Somewear Iridium satellite tracker/messenger and Garmin InReach Mini
The relatively low-cost Iridium satellite two-way communications service known as SBD (Short Burst Data) has proven itself remarkably reliable and useful on boats, as seen with the Garmin InReach Explorer+ I’ve been long testing (and with other devices). So I was glad to hear about the Kickstarter campaign for Somewear, another handheld GPS/SBD tracker/messenger that seems competitive with inReach but with a fresh design approach from San Francisco startup Somewear Labs.
Unlike the various inReach models, a Somewear can only send a distress alert when used by itself; everything else — like messaging, requesting a weather forecast, and setting up tracking — is done via a Bluetooth smartphone app. That means that the Somewear itself can be quite small, as in — holy cow — 3 ounces for a device that can send/receive short texts and track points from anywhere on the planet (with a reasonably good sky view).
While the Somewear Kickstarter project has been funded, its estimated delivery is not until July. So there are no reviews yet, and the tech details remain a little sketchy. For instance, will there be a cloud component where a user can share their tracks and certain messages like share.garmin.com/PanboInReach?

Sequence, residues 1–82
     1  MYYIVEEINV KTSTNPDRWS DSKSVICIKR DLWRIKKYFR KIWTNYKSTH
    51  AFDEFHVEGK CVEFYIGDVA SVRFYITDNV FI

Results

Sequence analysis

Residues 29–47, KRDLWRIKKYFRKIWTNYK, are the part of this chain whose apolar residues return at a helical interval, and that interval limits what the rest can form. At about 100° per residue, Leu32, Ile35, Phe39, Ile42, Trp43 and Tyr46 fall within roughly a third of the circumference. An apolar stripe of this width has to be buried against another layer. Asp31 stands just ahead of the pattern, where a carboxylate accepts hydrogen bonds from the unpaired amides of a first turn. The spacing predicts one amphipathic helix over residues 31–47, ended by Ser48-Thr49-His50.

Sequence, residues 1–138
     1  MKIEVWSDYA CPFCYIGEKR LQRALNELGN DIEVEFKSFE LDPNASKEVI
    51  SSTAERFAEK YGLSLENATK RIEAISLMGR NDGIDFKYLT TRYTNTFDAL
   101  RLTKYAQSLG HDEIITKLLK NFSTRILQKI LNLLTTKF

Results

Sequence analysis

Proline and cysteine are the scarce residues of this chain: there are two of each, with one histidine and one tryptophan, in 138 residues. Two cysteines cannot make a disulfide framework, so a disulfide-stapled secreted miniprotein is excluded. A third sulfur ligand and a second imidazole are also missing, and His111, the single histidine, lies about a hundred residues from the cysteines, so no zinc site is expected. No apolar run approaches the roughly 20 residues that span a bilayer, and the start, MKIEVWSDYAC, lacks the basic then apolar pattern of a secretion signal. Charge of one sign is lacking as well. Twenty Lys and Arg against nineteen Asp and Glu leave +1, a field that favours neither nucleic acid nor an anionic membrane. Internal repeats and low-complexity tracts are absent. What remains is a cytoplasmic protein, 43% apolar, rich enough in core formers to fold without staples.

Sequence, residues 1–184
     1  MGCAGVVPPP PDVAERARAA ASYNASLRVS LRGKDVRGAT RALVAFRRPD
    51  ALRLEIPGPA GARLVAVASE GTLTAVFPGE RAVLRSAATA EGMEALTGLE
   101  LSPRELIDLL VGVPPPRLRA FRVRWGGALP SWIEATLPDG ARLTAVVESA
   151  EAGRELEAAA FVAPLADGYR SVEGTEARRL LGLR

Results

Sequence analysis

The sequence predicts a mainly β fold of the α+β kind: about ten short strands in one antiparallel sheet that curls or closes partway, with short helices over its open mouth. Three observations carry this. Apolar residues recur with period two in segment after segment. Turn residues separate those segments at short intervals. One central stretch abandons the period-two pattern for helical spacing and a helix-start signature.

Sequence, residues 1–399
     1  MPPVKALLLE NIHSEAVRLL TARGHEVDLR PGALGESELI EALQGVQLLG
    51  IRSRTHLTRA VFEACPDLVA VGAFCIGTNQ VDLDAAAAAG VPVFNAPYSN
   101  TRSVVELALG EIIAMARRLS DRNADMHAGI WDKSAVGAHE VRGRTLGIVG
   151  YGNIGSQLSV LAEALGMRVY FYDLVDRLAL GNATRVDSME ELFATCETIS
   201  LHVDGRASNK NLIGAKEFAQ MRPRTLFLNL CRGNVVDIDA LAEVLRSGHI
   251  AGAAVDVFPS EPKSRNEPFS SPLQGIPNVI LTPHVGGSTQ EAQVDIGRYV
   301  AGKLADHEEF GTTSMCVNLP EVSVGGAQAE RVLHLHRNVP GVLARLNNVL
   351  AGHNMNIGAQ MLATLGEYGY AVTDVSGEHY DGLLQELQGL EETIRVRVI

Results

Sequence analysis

Also, why does the minimal Somewear hardware have an anticipated retail price of $450, same as the top-of-the-line inReach Explorer+ with bright color screen, built-in and downloadable maps, plus compass and altimeter? The Somewear FAQ makes the competitive case thusly:
When compared with the Garmin InReach, the most obvious difference is that Somewear is less than half the size and weight of InReach while maintaining the same transmission power. We found many InReach owners end up leaving them at home due to the size and weight so we wanted to make sure Somewear could always be there when needed. The biggest difference, however, is in the software and experience. The Somewear App makes satellite communication simple and seamless right from your phone – you can have conversations and check local conditions in a way that feels familiar and eliminates the frustrations satellite connectivity used to bring with it.
Somewear may well have a valid point there. The inReach system of cloud, handheld, and app interfaces is powerful but complex, and some users I’ve heard from do get quite frustrated by it. But size is not really an issue for boaters, and, besides, just as I was drafting this entry, along came the inReach Mini.
Garmin inReach Mini